AI also called on rich nations to chip in money, saying Afghanistan's neighbors ''should not bear a disproportionate cost'' of caring for refugees.

 

"The people of Afghanistan have suffered conflict and famine for decades. The international community must offer protection and relief immediately and provide adequate resources to the UNHCR for it to carry out its mandate in an effective manner," AI said.

 

HRW noted that ''the right of refugees not to be returned to a country where their lives or freedom are threatened is a fundamental principle of international customary law and is enshrined in the 1951 Refugee Convention, to which Iran, Tajikistan, Turkmenistan, and China are all parties.''

 

(Abid Aslam <aaslam@igc.org> is a contributing editor at Foreign Policy In Focus and the North America and Caribbean editor of Inter Press Service, an international news agency.)

 

[d] Afghanistan's Recovery Strong, but Still at Risk, Envoy Says

31 October 2002

Asst. Secy. Dewey Assesses Progress in Afghanistan

By Charlene Porter
Washington File Staff Writer

Washington - The U.S. Secretary of State's special envoy assessing recovery and reconstruction in Afghanistan has returned from a month long journey to the country using words like "remarkable," "encouraging" and "gratifying" to describe what he has seen in a country attempting to lift itself from the wreckage left by 22 years of occupation, war and oppression.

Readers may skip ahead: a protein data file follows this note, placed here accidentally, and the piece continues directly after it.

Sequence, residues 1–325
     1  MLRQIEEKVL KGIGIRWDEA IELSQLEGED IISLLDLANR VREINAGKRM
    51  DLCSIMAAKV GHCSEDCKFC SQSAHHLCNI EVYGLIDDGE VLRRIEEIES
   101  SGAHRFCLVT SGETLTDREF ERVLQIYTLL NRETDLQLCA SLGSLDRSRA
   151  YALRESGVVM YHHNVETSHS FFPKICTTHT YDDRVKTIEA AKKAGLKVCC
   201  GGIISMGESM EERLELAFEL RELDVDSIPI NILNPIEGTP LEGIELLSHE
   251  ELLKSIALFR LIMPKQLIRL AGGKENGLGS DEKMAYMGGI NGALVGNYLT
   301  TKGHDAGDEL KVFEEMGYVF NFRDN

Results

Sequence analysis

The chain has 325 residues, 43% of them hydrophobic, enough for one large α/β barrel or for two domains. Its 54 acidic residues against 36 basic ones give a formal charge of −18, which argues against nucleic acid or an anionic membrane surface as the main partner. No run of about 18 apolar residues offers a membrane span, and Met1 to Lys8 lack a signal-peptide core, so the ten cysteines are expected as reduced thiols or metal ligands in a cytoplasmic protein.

"There's just been a lot of progress in a very short time ... coming from a failed state - one of the most failed of states - to a state that has a chance," Assistant Secretary of State for Population, Refugees and Migration Arthur "Gene" Dewey said in a Washington File interview.

Dewey first traveled to Afghanistan in August, then returned to conduct a more extensive assessment in mid-September. He said the Central Asian state is advancing down the road to recovery at such a rapid pace that he saw that circumstances had improved between his first and second visits.

Having visited bustling, urban markets, the homes of returning refugees, newly reopened classrooms, and fledgling government ministries, Dewey said he got a sense of a people and a country ready to confront the challenges of reconstruction.

"It really is a new birth of freedom," he said.

The progress the country has made since the fall of the Taliban in December 2001 is evident in many sectors, but to Dewey the most remarkable change is the return of Afghanistan's "human capital." He said the return of some 2.5 million refugees and internally displaced persons has been the largest repatriation to occur any where in the world over the last 30 years. The tide of returning Afghans has far exceeded the 800,000 returnees anticipated in the first year by the U.N. High Commissioner for Refugees (UNHCR). Dewey praises UNHCR for its capability and professionalism in meeting the demands of a return far beyond its expectations.